Being kind is usually easier than we think

I was talking to my next-door neighbor, Judy, over the weekend, and somehow we got on the subject of her husband George's death in July 2017.

She had been very worried in the days after he died about holding some type of event so family and friends could gather to remember him. She really wanted to have it at her house but didn't think she had enough room for everyone she wanted to invite.

We had the space at our house, so we offered to host it for her. She promised it would be no trouble - she had a friend who was a caterer who would prepare all the food, bring it to our house - and clean up afterward.

It was a lovely open house and we felt privileged to play a small part in it. When I talked to her this past weekend, and she once again expressed her gratitude, I was reminded of what a difference it made to her. And it was such a simple thing for us to do.

I've been thinking about kindness a lot lately, in part because it's been the subject of a podcast I listen to, and in part because it seems to be in such short supply.

I'm not sure why that is the case. I wonder if having access to just about everything we need through an app on our smartphone has given us a false sense of self-sufficiency. If we don't need anyone else, what's the point of being kind to them?

Another theory of mine is that people have become so overly critical - even hateful - that they have forgotten what it means to be kind. At first this kind of behavior seemed to be contained to social media. "People would never say that in person!" used to be the response when we'd read a particularly venomous comment on Facebook. Now people have no hesitation about saying particularly venomous things in person, either.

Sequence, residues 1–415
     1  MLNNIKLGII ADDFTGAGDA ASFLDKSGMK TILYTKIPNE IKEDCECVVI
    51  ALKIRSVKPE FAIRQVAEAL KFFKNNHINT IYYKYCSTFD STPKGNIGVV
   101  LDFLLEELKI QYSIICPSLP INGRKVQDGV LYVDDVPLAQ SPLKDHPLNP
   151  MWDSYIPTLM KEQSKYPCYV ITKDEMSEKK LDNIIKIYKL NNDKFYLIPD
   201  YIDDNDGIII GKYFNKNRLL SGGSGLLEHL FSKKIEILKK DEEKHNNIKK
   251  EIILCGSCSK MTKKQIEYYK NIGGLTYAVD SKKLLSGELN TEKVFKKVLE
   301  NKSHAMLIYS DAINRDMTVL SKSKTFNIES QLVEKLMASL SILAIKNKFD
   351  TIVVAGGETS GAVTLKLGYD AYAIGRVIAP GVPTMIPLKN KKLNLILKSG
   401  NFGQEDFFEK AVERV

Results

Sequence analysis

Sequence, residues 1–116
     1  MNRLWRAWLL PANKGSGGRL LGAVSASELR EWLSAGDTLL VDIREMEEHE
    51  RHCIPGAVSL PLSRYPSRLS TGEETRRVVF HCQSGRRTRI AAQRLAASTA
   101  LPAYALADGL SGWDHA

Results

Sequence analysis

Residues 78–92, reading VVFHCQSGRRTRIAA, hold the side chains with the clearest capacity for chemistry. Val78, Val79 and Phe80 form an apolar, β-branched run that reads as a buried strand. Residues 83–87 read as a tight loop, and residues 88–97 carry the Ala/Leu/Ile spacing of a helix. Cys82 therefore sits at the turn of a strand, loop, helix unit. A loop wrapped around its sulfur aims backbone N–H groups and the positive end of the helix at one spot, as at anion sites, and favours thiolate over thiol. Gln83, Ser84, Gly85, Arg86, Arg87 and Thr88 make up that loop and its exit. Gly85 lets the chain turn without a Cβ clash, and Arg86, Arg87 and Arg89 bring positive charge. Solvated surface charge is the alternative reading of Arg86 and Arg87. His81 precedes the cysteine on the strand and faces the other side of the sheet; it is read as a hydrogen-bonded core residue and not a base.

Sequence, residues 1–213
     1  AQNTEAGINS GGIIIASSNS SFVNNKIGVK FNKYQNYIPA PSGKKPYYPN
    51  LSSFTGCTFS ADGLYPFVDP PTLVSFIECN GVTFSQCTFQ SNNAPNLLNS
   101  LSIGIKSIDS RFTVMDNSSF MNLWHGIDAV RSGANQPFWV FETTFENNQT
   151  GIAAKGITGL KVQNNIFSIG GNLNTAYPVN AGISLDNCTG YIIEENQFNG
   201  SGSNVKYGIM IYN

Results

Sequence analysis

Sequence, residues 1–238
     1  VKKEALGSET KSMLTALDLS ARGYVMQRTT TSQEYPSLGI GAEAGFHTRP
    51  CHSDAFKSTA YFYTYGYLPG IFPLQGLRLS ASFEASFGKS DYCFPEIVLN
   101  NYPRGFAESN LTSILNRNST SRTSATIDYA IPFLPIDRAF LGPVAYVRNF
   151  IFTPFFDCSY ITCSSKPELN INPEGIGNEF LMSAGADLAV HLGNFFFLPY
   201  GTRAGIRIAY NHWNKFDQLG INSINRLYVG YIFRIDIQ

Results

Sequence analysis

I try to avoid this kind of behavior, but that doesn't mean I'm always as kind as I would like to be. Sometimes I talk myself out of a kind gesture. I tell myself I don't have the time or it won't make that much of a difference. Deep down, I know these excuses are hollow. What I need to do is to work harder to make kindness a habit.

How do I plan to accomplish that?

Here are some great ideas I found online and rattling around in my head.

• Pay a compliment.

On my morning walk one day, I stopped to tell a homeowner - whom I had never seen outside - how beautiful his yard is. When he looked up from pulling weeds, I realized he is someone I used to see regularly through a work activity. It was great to catch up. What other surprises await if I take the time to pay a compliment?

• Say thank you.

I try to always be polite, but sometimes I forget to thank people for simple things like listening attentively. Or I might say, "You didn't have to," which isn't really an expression of gratitude. At all.

• Keep a kindness journal.

I've kept a gratitude journal for years, but I've never thought about keeping a kindness journal. I like the idea of listing kindnesses I've shared and received. Even better is the idea to write down missed opportunities to be kind - or kinder.

• Be kind to myself.

It's so much easier to treat others well when we treat ourselves well.

"Kindness is contagious," Jacqueline Whitmore wrote in a piece on kindness for

I plan to get busy spreading it.

- Pamela Lannom is editor of The Hinsdalean. Readers can email her at [email protected].

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Pamela Lannom is editor of The Hinsdalean